Stuart explains how upcoming bands can find inexpensive ways of making the most of this burgeoning medium, and offers tips on what makes the best music content.
M : What do you think of the Biophilia app suite ?
Stuart : The app suite is really interesting. It’s been done with creativity in mind, it’s not ‘how do we make money from apps ?’ It feels like it’s a genuinely creative music app, which has stretched the form of what apps can do. And she’s the perfect artist to be doing it. She’s always played around with sound and video. So from that point of view, I really like it.
M : Do you think it really pushes the app format along or do you think it’s a really clever and engaging piece of marketing ?
S : Weirdly, because it is really creative and interesting, I think it probably is the best kind of marketing. A lot of acts have them, and it’s about them saying ‘hey, buy my songs on iTunes, buy my gig tickets’ – a lot of apps are built on that premise. But ironically, with Biophilia, because it’s so good creatively, it’s going to make you want to buy each song at £1.49 – so it’s the ideal way really – make money while being interesting. I don’t know how much it cost to make these apps but I’m guessing it was a pretty big expensive project. It’s probably out of the reach of a lot of artists who can’t sink money into something like this.
M : Do you think apps are the domain of established acts and major record labels, or do you think the platform is open to smaller acts too ?
S : It’s becoming one of the boxes you have to tick : you’ve got a website, you’ve got a Twitter feed, a Facebook profile and the app is the fourth thing that’s becoming standard. There are a few companies out there who will make it cheap and easy for you to get an app up and running for your band, with information of when you’re playing, updates, music samples and things. In that sense, I think we’re there now really, where any band that wants an app can have one. It doesn’t cost that much really.
M : When you say ‘not that much’, how much money would an app cost a band ?
S : There are things that claim to be free but I think you can get one for under a couple of hundred quid, which might be a stretch for the real cash-strapped, but its coming down all the time. Prices have been coming down really fast in the past year or so.
M : So how about music fans then ? Are they interested ? Is it worth bands investing in apps ?
S : It depends. I think the key is whether there is a real reason for you to have the app on your phone. The Pixies have just launched an app and it gives you streams of loads of their gigs going back to 1988 and you can download one of their demo tapes. It’s actually got all this music on it that is hard to get elsewhere but available instantly through the app. It gives you a genuine reason to want to download it. People are using apps like crazy, but a lot of us – 250 million of us – have the Facebook app on our phone, so a lot of people will be interacting with new bands that way. They will see their updates in there. So, if you have a Facebook profile as a band, you are already interacting with fans on their phones, just not through your app. So there’s always that question ‘Why do I need an app ?’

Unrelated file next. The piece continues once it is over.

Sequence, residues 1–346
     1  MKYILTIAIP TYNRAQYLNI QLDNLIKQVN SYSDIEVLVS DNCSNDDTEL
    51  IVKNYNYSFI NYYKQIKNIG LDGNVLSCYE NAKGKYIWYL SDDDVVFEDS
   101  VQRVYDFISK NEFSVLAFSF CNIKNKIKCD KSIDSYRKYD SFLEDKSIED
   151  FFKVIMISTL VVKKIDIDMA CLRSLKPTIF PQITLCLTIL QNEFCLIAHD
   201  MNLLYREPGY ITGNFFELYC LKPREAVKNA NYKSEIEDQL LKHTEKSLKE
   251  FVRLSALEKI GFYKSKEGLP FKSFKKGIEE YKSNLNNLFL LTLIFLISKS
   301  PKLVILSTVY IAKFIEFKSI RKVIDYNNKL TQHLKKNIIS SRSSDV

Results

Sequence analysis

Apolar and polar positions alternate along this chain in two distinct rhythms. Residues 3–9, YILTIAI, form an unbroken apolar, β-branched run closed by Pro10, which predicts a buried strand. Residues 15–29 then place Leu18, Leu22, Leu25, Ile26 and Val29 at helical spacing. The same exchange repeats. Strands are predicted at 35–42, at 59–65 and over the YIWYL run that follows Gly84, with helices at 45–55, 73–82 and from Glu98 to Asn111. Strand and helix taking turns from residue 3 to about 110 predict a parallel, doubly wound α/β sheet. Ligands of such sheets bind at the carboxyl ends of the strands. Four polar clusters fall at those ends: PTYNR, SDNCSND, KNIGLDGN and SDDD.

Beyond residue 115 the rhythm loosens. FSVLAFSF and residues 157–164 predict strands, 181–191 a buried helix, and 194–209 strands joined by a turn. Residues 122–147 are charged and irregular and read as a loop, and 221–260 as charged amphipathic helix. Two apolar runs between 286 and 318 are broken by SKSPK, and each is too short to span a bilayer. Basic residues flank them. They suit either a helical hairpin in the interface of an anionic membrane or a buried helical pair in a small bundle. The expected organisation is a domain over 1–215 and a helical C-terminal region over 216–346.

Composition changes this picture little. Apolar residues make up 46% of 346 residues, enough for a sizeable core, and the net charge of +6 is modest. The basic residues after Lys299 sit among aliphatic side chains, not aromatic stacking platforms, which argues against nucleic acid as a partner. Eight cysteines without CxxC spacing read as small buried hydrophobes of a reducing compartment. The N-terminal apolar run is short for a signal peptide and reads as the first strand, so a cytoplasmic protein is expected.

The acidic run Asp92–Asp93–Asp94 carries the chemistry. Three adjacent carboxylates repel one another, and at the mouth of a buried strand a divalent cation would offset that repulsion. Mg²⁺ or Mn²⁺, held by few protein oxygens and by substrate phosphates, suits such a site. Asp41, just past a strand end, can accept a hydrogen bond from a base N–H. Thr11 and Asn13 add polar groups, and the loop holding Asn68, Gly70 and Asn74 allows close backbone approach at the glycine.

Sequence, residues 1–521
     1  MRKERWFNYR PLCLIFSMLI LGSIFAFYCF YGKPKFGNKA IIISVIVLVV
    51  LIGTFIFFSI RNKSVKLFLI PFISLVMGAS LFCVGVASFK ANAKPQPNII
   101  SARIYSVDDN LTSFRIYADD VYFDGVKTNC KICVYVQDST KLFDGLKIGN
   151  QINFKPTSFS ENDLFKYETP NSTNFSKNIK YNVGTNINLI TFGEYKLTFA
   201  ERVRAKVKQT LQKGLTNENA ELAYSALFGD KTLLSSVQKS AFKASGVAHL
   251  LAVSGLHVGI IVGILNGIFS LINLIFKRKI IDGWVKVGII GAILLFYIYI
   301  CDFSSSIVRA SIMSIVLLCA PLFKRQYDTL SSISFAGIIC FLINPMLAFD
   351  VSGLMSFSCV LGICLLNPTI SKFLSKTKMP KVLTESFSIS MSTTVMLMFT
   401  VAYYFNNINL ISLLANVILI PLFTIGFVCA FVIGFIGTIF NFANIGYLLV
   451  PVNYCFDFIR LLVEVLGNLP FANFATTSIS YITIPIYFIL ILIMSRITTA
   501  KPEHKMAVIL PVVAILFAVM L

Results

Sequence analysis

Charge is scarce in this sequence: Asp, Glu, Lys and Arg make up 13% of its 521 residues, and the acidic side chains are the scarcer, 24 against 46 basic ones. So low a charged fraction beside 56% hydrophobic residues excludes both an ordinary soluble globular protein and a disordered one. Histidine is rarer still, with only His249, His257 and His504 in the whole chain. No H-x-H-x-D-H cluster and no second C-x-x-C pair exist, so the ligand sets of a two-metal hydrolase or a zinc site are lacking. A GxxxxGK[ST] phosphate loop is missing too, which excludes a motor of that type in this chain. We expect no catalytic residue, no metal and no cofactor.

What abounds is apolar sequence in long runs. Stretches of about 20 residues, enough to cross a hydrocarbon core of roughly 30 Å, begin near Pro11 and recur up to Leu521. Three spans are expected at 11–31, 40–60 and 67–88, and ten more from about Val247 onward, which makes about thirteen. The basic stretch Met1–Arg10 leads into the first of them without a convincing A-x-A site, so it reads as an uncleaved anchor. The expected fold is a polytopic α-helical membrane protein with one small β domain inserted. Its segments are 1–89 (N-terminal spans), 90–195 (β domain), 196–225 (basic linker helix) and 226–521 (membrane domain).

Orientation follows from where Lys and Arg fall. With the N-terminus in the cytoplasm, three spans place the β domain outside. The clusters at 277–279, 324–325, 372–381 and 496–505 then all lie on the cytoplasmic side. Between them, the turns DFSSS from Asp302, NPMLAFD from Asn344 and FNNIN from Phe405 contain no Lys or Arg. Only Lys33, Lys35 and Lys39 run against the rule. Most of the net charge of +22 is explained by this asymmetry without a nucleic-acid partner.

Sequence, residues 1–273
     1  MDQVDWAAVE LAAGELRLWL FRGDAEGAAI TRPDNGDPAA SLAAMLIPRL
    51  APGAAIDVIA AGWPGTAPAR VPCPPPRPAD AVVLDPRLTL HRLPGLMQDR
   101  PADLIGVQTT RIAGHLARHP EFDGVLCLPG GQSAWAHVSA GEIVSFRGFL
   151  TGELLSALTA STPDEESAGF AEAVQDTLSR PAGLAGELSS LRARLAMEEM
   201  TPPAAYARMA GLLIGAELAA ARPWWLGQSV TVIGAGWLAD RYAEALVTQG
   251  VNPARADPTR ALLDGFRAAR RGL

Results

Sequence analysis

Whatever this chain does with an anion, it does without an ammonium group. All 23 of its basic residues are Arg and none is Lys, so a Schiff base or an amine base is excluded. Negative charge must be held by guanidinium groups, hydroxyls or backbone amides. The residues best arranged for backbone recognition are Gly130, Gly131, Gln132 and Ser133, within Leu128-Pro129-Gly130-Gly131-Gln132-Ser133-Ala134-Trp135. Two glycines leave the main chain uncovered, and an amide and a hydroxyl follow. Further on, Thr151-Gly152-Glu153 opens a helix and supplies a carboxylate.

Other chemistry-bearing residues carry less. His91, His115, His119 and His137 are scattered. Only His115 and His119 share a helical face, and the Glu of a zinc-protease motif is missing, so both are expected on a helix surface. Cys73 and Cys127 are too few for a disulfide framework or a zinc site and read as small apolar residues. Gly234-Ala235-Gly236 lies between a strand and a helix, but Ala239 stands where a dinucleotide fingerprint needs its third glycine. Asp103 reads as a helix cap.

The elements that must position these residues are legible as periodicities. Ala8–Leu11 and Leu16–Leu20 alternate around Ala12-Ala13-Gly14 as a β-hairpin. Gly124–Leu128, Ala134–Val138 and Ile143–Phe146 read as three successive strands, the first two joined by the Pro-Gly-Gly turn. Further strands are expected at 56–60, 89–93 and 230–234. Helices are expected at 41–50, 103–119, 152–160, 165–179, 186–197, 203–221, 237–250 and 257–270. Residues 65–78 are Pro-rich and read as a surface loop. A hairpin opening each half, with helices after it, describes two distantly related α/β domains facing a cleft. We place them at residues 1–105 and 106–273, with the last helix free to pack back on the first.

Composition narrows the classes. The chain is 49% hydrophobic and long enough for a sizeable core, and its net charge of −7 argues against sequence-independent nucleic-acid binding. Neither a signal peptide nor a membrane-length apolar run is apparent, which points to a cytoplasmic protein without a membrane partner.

As time goes on, I think there will need to be a pretty good reason for people to download your app, rather than interact with you through Facebook and Twitter apps.
M : Do you think apps can enhance the musical experience ?
S : They are mostly a marketing tool. Biophilia has taken so long to do and its not going to make Björk any money, but its been done in such an interesting way and I can see a bunch of big projects coming along that will be that interesting. A lot of the time – and I’m always wary of saying it because I think apps are great – I think of a lot of my favourite bands and wonder whether I’d buy an app from them because I get all the updates already. I follow them on Twitter, I read their news. So you’ve got to think ‘Why would fans want this ?’ and it has got to be more than ‘Because they like the band.’
I can imagine some people will be thinking, ‘Can we do a think a bit like Björk ?’ and there will be a lot of copycat apps. It’s also going to make a lot more artists, managers and labels think about it when they’re planning an app. Björk doing it, and getting so much publicity, will push it all along and maybe bring the budgets. It’s like a big flag in the ground.
It’s such a new area. I’m really excited about it as a wider trend in apps. I’ve seen a lot of remix apps along and I’ve struggled to see the appeal in that. With interactivity, if it’s done well it’s amazing, if it’s done badly it’s boring, and I think we’ll start seeing both !